It takes faith…
- to keep moving towards this goal, even when things feel slow.
- to keep studying Japanese.
- to remember that God was not surprised when I received my lupus diagnosis and knew about it years ago when He placed the dream for Japan on my heart.
- to trust in God’s perfect timing and to rest in the fact that He is in control.
I’ve spoken about my infertility in other posts, so I won’t retell those stories here. What I will say is that unanswered prayer—no matter the subject matter—is painful. It fills us with the darkest of doubts and questions. Why didn’t God answer my prayer? Did I do something wrong? Does God really love me? Is God really who I thought He was? It’s in the midst of unanswered prayer when people’s statements of “You need to have faith,” are most painful to hear. Haven’t I been having faith all along?
It takes faith…
- to hope and pray when the doctor says words like, “zero percent chance.”
- to pray to God after being wounded by unanswered prayer.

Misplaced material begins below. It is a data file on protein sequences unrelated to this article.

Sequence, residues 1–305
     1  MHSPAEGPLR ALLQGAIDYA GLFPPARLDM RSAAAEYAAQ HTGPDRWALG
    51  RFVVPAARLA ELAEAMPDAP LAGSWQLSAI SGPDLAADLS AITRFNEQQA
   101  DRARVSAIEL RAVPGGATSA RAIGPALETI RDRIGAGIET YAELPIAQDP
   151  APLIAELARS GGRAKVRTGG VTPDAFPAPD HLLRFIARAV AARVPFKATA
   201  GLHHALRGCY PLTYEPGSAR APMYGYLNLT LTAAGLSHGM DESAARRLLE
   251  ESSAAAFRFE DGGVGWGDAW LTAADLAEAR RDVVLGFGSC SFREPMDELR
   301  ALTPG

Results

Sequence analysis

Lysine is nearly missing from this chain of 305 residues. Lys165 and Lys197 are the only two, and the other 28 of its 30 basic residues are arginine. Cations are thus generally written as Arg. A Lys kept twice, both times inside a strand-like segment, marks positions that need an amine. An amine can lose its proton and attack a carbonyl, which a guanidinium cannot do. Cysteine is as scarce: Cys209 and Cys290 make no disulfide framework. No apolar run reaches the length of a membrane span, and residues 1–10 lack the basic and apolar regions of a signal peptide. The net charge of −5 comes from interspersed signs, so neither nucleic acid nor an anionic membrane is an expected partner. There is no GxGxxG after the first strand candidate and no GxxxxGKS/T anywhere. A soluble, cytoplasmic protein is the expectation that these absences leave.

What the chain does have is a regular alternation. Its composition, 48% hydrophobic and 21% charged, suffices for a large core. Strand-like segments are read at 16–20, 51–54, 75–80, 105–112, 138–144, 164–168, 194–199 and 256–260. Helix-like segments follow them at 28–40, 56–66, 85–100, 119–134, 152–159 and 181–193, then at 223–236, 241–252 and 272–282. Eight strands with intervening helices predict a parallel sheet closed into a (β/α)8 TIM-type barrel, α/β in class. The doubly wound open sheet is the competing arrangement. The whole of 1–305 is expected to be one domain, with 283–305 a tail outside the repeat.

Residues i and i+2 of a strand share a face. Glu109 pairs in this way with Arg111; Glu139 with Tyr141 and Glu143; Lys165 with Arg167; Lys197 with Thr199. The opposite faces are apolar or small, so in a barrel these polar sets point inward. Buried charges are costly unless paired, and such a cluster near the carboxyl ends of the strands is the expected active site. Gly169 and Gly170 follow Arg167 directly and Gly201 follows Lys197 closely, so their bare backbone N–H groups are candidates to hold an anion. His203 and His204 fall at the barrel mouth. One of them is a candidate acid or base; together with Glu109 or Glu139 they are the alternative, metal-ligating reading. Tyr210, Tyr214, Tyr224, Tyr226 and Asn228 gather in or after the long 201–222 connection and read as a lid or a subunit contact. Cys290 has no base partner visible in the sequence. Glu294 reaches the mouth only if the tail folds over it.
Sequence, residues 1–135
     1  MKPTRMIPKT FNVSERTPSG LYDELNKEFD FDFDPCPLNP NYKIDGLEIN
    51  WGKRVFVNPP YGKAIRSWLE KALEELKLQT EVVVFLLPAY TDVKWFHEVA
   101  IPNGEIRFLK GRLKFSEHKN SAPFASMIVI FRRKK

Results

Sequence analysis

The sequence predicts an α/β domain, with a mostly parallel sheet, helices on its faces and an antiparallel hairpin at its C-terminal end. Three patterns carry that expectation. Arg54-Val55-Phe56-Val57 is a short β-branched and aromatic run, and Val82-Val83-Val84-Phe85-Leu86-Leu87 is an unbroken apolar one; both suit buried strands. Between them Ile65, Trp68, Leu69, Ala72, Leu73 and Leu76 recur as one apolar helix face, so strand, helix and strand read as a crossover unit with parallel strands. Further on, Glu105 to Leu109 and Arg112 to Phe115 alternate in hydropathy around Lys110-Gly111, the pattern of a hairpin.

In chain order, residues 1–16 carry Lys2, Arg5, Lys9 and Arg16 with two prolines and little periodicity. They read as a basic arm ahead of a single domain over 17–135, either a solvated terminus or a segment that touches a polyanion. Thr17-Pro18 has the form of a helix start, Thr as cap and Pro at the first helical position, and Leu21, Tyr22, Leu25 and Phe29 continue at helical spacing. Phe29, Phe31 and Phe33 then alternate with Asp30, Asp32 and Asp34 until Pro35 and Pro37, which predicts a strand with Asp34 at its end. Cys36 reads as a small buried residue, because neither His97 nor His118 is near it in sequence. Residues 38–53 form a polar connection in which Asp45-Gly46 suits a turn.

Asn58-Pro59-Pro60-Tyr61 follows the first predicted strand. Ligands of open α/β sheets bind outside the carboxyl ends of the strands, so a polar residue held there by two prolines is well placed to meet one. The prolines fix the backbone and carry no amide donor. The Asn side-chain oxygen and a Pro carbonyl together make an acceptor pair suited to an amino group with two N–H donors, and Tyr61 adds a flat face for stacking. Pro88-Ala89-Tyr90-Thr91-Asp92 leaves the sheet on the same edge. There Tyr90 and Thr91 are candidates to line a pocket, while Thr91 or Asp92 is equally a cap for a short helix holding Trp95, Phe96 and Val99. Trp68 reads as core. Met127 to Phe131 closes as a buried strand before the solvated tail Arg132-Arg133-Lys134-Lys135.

- to continue to believe that God is good and that He is not withholding good from me.
- to choose to live with hope and purpose when you feel like your hope and purpose have been crushed.
The Truth About Faith
“And what more shall I say? For time would fail me to tell of Gideon, Barak, Samson, Jephthah, of David and Samuel and the prophets— who through faith conquered kingdoms, enforced justice, obtained promises, stopped the mouths of lions, quenched the power of fire, escaped the edge of the sword, were made strong out of weakness, became mighty in war, put foreign armies to flight. Women received back their dead by resurrection. Some were tortured, refusing to accept release, so that they might rise again to a better life. Others suffered mocking and flogging, and even chains and imprisonment. They were stoned, they were sawn in two, they were killed with the sword. They went about in skins of sheep and goats, destitute, afflicted, mistreated—of whom the world was not worthy—wandering about in deserts and mountains, and in dens and caves of the earth. And all these, though commended through their faith, did not receive what was promised, since God had provided something better for us, that apart from us they should not be made perfect.” (Hebrews 11:32-40)
Did you catch that? Hebrews 11 has been nicknamed the “faith chapter” of the Bible. If you want to know what faith looks like, this is where you look. So. Many. Miracles. And also weakness. And torture. And imprisonment. Oh, and also people who were destitute, afflicted, and mistreated. The life of faith isn’t as neat and tidy as many would have us think. In fact, if faith were easy, it wouldn’t be faith at all.